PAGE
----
The sampling methods used in the included studies were either insufficient or not fully described in the majority of the studies, which makes it difficult to preclude selection bias. It is mandatory when conducting studies on diagnostic accuracy that both the sampling method and the study sample are well described, that the selection of study participants is performed systematically and unselectively, and, for case-control studies, that the two groups are comparable except for the target condition. Furthermore, in some of the articles identified in this review, the importance of the controls seemed to be underestimated, even though the sampling and description of the controls are just as important as the sampling and description of the cases.

That no objective gold standard exists for the diagnosis of SpA, which is instead based on a composite clinical presentation, constrains the possibilities for the evaluation of the diagnostic accuracy of MRI. However, it is indisputable that when evaluating a diagnostic test, independent evaluation of the index test and the reference standard is essential. When MRI is used in the decision making of the clinical diagnosis, as seen in more than half of the included studies, incorporation bias is highly likely. This was predominantly a problem in the included retrospective studies. The fact that MRI is widely used in the diagnosis of SpA restricts the possibilities of conducting meaningful retrospective studies on the diagnostic accuracy of MRI.

One way to strengthen the reliability of the diagnosis is to test the reproducibility of the selected reference standard. However, none of the nine included articles tested the reproducibility of the clinical diagnosis. Another way to strengthen the reliability of the diagnosis would be to include a longitudinal aspect and to follow the development of more-advanced disease stages to confirm the diagnosis. Even though several longitudinal studies were identified in this review, none met the inclusion criteria, usually because either no or too few controls were used.

Several activity scores for inflammatory and structural MRI findings have been developed; however, no international consensus exists about the definition of diagnostic MRI findings, which was a factor in our review. In general, the included studies contained definitions of the MRI findings. However, little homogeneity existed in these definitions, and only five of the nine articles reported testing of the reproducibility of the MRI evaluation. Before testing the diagnostic utility of an MRI finding, it is necessary to define the MRI finding and further to present acceptably reproducible test results. Furthermore, an experienced musculoskeletal radiologist should be part of the conduct and testing of the evaluation protocol. An international agreement on definitions of different MRI findings and a threshold minimal reproducibility would facilitate both the translation from research to clinical practice and a comparison with future research results.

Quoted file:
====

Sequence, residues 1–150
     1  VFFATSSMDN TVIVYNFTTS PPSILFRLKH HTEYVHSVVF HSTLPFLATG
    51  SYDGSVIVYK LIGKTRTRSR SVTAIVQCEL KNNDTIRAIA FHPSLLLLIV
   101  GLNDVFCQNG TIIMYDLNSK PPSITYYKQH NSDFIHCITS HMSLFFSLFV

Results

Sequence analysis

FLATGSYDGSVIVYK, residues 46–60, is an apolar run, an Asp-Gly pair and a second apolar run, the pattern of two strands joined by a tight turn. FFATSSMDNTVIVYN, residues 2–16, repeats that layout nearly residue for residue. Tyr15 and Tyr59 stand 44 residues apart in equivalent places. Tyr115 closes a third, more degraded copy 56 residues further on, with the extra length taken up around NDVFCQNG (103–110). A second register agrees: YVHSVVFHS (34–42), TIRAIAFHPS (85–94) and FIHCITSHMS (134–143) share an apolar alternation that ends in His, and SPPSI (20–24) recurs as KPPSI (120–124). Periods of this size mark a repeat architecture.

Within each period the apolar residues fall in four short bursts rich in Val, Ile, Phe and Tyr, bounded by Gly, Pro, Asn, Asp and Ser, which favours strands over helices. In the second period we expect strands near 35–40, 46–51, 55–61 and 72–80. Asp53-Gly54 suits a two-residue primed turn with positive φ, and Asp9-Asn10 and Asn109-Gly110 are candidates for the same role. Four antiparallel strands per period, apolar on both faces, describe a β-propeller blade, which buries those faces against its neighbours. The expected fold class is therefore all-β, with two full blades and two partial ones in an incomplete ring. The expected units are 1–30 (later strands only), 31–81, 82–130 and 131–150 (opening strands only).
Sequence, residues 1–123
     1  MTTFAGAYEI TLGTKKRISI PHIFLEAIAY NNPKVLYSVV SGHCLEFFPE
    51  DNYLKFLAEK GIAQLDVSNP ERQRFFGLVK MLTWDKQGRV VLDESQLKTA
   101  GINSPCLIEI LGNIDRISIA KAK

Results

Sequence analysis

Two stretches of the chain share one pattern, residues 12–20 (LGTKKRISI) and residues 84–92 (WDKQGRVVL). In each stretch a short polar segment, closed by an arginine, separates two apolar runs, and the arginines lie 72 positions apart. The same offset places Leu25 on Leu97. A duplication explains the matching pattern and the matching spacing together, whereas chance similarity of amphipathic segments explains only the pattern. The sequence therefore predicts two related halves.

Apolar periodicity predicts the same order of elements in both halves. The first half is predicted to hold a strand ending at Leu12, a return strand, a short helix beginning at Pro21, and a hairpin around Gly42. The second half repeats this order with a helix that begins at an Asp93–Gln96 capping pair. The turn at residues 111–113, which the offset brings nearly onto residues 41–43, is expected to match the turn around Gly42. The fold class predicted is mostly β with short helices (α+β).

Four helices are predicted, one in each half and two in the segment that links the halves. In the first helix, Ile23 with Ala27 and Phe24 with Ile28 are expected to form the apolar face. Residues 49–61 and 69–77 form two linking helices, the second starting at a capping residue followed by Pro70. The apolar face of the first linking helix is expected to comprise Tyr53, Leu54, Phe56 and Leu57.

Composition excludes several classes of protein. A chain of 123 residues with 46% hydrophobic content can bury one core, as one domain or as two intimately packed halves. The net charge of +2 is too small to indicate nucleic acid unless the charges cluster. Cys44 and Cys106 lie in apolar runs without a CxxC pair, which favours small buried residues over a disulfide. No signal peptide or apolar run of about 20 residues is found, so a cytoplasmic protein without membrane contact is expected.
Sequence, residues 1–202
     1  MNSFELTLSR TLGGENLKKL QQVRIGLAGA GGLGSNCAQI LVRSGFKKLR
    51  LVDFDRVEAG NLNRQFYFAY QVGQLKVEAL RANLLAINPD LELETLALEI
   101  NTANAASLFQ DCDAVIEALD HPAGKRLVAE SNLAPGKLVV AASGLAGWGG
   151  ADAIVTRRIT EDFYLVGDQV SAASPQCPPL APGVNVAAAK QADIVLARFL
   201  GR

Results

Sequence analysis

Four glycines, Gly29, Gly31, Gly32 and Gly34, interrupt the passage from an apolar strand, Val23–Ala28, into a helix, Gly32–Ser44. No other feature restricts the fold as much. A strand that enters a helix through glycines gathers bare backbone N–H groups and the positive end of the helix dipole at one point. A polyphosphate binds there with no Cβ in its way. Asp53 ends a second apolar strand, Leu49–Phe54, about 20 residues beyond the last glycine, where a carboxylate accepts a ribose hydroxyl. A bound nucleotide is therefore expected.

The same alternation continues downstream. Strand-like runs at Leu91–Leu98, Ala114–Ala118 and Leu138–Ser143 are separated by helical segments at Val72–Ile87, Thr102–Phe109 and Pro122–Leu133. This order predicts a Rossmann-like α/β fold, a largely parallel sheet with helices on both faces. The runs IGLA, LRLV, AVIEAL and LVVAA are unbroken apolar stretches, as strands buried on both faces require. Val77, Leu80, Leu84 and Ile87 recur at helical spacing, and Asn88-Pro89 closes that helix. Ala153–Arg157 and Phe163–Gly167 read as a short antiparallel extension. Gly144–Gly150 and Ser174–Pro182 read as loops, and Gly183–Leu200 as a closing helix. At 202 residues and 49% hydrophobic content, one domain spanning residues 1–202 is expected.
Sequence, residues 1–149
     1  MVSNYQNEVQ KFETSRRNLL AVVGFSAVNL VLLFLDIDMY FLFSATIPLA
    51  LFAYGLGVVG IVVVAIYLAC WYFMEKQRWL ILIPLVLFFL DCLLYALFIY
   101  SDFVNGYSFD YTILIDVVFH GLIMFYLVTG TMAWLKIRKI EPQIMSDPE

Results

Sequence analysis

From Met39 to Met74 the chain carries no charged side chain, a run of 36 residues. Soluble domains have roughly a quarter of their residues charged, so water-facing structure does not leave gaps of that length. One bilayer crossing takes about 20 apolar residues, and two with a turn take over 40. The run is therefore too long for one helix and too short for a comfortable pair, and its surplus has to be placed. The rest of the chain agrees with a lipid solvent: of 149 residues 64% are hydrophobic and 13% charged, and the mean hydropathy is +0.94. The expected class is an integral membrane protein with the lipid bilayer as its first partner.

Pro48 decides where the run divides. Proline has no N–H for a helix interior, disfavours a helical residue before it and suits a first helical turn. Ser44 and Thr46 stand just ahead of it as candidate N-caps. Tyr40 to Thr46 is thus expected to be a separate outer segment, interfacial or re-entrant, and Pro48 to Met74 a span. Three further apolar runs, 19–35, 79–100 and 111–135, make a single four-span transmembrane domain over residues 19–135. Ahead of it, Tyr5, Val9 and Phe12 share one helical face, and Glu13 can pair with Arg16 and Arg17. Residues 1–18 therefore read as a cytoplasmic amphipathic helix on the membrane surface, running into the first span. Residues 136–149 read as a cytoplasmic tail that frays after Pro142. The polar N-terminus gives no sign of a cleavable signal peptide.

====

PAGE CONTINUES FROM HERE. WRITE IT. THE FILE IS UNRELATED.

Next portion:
In summary, the optimal design for future studies that investigate the utility of MRI in the early diagnosis of SpA is a large longitudinal clinical cohort study that recruits participants consecutively and includes patients with NSLBP. Furthermore, a well-defined clinical diagnosis based on consensus criteria and blinded for MRI should be used as a reference standard. Similarly, a validated MRI evaluation with clear definitions blinded to the clinical information should be used for the MRI evaluation.

Application of findings to clinical practice

The literature search associated with the current review revealed no other systematic critical review on the utility of MRI in the diagnosis of SpA. However, a large number of commentaries and narrative reviews with or without transparent search strategies have been published, in which it seems that the majority report a positive view of the value of MRI in the diagnosis of SpA. The obvious need for optimization of the diagnostic process of SpA may have contributed to the positive perception that has developed regarding MRI as a tool in the SpA diagnosis. The fact that MRI of the SIJ is included in the new diagnostic criteria developed by ASAS [8] has led to further optimism in relation to the diagnostic process of SpA. However, on the basis of the results from the current review, the limited number of high-quality studies on the diagnostic utility of MRI in SpA should preclude MRI being seen as the new gold standard in the diagnosis of SpA. If inflammatory and structural MRI findings are interpreted as being more specific for SpA than the research can support, a real risk exists of SpA being overdiagnosed.